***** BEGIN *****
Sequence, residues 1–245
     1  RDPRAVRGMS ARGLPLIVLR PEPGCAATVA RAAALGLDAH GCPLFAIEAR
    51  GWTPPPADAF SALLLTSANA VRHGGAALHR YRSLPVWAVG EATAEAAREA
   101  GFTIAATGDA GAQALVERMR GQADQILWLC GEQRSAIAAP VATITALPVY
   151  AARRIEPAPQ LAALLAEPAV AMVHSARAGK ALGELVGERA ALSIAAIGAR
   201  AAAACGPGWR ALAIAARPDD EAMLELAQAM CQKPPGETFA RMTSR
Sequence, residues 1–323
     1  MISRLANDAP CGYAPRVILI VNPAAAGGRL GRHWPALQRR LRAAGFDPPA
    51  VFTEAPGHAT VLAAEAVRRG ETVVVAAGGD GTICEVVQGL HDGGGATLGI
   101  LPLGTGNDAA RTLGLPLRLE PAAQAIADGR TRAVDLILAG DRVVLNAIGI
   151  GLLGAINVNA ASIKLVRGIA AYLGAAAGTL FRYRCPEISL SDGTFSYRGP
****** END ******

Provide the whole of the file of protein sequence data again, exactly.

Sequence, residues 1–245
     1  RDPRAVRGMS ARGLPLIVLR PEPGCAATVA RAAALGLDAH GCPLFAIEAR
    51  GWTPPPADAF SALLLTSANA VRHGGAALHR YRSLPVWAVG EATAEAAREA
   101  GFTIAATGDA GAQALVERMR GQADQILWLC GEQRSAIAAP VATITALPVY
   151  AARRIEPAPQ LAALLAEPAV AMVHSARAGK ALGELVGERA ALSIAAIGAR
   201  AAAACGPGWR ALAIAARPDD EAMLELAQAM CQKPPGETFA RMTSR
Sequence, residues 1–323
     1  MISRLANDAP CGYAPRVILI VNPAAAGGRL GRHWPALQRR LRAAGFDPPA
    51  VFTEAPGHAT VLAAEAVRRG ETVVVAAGGD GTICEVVQGL HDGGGATLGI
   101  LPLGTGNDAA RTLGLPLRLE PAAQAIADGR TRAVDLILAG DRVVLNAIGI
   151  GLLGAINVNA ASIKLVRGIA AYLGAAAGTL FRYRCPEISL SDGTFSYRGP